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Wim Crouwel, a revolution in design

There’s been a lot of buzz around the design blogs lately about the Wim Crouwel exhibition that just opened at the Design Museum in London. “A Graphic Odyssey” spans over sixty years of the venerable designer’s career and includes his sketches, iconic posters and magazine covers. Known for his grid-based layouts, nowhere is his nickname “Gridnik” more obvious than in his innovative “New Alphabet.” Designed in 1967, the font is based on Cathode Ray Tube technology and contains only vertical and horizontal strokes. As such, it’s almost unreadable. Crouwel said as much himself, describing “New Alphabet” as “over-the-top and never meant to be used.”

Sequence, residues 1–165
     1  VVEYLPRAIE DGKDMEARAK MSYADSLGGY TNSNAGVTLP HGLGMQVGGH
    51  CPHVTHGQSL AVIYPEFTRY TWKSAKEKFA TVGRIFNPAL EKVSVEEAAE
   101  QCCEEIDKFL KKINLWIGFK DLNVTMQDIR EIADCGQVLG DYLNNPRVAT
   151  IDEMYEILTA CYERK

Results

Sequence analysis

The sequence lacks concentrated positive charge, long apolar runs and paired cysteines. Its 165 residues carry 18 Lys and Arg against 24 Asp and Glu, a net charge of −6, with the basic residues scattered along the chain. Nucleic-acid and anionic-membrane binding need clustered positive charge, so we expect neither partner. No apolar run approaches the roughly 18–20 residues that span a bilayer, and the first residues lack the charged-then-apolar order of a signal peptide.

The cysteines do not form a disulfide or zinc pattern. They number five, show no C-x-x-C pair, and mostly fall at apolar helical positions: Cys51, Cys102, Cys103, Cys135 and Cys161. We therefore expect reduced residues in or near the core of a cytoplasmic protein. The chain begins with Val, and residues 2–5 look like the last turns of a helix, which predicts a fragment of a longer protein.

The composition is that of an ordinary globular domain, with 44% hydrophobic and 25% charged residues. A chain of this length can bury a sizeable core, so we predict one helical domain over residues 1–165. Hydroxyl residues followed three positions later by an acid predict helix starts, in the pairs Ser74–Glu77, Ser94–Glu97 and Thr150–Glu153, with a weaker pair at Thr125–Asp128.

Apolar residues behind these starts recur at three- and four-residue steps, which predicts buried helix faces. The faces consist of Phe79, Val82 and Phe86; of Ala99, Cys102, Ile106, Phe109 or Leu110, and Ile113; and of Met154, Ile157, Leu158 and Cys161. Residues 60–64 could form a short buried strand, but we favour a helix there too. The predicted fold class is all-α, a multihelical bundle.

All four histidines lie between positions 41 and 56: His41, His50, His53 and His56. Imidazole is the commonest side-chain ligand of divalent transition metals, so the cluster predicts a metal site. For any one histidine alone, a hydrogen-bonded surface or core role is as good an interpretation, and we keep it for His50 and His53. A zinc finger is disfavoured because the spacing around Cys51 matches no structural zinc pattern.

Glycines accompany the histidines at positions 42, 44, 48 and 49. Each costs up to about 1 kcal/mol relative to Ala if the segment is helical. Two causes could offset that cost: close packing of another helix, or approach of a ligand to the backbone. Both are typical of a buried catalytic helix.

While students may never use it for their term papers, its creative experimentation is a perfect example of why Crouwel has been a revolutionary force in design. Still, “New Alphabet” wasn’t completely unusable. In 1988 designer Brett Wickens featured it on the Joy Division album “Substance (below).”

A Graphic Odyssey” runs through July 3, 2011.